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The Freedom Zone

Gif showing a clip from the movie Braveheart.
Australia is getting closer to its very own Freedom Day. Braveheart/Giphy

ScoMo released the Doherty Institute modelling that will dictate when Australia will be permitted to reopen. The two most important figures are 70% and 80%.

By the numbers: National cabinet has accepted the modelling, with the first threshold triggered when the fully vaccinated eligible population – those aged over 16 – in a specific state and the national average reaches 70%. Once that happens, a state can move to 'Phase B':

"Lockdowns in phase B are less likely, but they are possible ... in targeted cases and more targeted cases, they may be necessary in those circumstances, but they are not something that you would normally expect because of the much higher level of vaccination and protection that exists within the country."

In Phase B, international arrivals will still be restricted but there will be yet-to-be-specified "special rules" for vaccinated people domestically, allowing them to avoid certain restrictions.

The next and currently final threshold (no 'Phase D' details were offered) will be triggered when 80% of the eligible population is fully vaccinated, which would allow states to move onto 'Phase C':

"There will be a gradual reopening of inward and outbound international travel with safe countries, those that have the same sort of vaccination levels that Australia."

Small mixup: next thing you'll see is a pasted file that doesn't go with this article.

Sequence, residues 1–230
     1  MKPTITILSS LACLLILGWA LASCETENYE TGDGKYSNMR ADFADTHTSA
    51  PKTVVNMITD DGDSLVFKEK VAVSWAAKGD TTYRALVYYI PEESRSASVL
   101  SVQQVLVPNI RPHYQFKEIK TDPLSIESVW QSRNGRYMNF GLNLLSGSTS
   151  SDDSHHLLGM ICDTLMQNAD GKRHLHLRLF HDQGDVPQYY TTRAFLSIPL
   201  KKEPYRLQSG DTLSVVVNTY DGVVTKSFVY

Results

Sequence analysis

In this phase, the prohibitions on Australians leaving the country will be removed, fully vaccinated people will be allowed to return without quarantine and certain visa categories (e.g. students) will see arrival caps expanded. "Broad metropolitan lockdowns” will also be a thing of the past, although localised lockdowns will still be a possibility.

Chart showing one possible vaccination scenario.
One possible vaccination scenario, based on federal government supply projections and our own assumptions.

Why this matters: Freeeeedooommm! But in all seriousness, this is the closest thing the government has provided to a vaccination rollout target since the early, optimistic days when the AstraZeneca vaccine was still held in good regard.

The chart we've provided above offers a ballpark estimate of how long it might take to reach what we've dubbed The Freedom Zone, which was derived using the government's estimates of supply and a few simple assumptions. Unless the take-up of the AstraZeneca vaccine surprises on the upside, we're looking at mid-November for the 70% threshold and the start of December for 80% as a best-case scenario.